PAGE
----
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African American Faculty and Senior Staff Oral History Project

About the Project
Interview Transcripts
Audio / Video Excerpts
In Memoriam

James Goodwin Transcript: Former UC Administrator and Founder of the University of California’s Affirmative Action Program—An Oral History of His Life and Achievements [available in The Bancroft Library]

Conducted by Tim Troy in 2008-2010, Regional Oral History Office, The Bancroft Library, University of California, Berkeley, 2011.

 

Photo of James Goodwin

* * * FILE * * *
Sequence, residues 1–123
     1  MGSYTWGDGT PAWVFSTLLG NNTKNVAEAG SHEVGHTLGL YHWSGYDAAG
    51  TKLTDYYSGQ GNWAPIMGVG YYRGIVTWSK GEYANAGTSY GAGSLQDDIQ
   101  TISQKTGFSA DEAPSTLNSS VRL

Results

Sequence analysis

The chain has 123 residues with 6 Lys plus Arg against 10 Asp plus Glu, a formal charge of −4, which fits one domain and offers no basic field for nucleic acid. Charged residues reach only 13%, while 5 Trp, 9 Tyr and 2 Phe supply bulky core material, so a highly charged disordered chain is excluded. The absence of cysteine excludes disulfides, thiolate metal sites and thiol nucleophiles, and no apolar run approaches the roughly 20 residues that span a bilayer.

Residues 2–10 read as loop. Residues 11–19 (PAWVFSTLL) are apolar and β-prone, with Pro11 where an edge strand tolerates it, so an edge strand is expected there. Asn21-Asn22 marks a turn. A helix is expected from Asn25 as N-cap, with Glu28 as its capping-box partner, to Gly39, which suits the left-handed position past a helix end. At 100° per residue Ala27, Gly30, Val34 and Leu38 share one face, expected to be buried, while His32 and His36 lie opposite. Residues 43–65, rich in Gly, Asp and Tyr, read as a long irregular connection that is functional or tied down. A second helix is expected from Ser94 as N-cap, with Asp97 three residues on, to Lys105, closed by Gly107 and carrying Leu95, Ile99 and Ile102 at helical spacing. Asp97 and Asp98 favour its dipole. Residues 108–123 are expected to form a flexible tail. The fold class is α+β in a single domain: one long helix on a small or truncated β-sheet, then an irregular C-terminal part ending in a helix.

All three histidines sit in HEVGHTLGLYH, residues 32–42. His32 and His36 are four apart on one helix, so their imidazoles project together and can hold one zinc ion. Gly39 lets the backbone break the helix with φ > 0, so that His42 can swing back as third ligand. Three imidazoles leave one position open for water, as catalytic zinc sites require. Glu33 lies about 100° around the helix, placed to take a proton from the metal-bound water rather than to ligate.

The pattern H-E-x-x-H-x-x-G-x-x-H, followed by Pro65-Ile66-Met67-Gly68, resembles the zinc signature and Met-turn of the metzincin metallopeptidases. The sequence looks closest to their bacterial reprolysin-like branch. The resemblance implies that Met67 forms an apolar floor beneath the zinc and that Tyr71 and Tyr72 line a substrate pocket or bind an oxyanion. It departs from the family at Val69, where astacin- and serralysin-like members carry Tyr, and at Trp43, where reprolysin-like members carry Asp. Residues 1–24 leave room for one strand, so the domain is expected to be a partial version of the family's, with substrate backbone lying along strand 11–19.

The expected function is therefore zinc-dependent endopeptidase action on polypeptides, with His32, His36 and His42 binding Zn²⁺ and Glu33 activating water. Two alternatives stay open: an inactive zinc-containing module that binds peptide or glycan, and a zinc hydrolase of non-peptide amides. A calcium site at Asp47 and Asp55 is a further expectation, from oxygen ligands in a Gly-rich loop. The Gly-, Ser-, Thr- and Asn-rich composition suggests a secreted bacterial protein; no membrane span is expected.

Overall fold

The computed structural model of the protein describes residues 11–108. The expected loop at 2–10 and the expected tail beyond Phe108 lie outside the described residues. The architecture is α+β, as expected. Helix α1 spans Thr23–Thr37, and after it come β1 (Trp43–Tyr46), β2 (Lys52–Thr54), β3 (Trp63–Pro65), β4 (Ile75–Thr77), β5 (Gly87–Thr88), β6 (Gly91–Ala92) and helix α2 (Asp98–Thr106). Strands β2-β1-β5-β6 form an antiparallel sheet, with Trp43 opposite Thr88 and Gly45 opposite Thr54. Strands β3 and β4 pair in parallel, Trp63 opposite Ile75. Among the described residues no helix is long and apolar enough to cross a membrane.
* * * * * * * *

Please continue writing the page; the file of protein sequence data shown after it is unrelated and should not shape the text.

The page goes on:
James Courtland Goodwin was born into a Southern California farm family, his father of mixed Native-American and Euro-American heritage, his mother an African American. Jim likes to note that he grew up speaking Spanish with farmer-worker kids. He subsequently served as a P-51 pilot with the celebrated Tuskegee Airmen in Europe during WW II and returned home to become an outstanding student at UC Berkeley. After law school, he went on to become one of the first African-Americans in the top administrative structure of the University of California. He worked closely with the Kennedy and Johnson administrations – Robert Kennedy, Sargent Shriver, and many others – in the development of the Office of Economic Opportunity, the War on Poverty, and the Peace Corps. In the late 1960s he was asked by UC President Charles Hitch to head the new system-wide Office of Equal Employment Opportunity. Goodwin’s office became the driving force behind the development of affirmative action in the University of California system.

 



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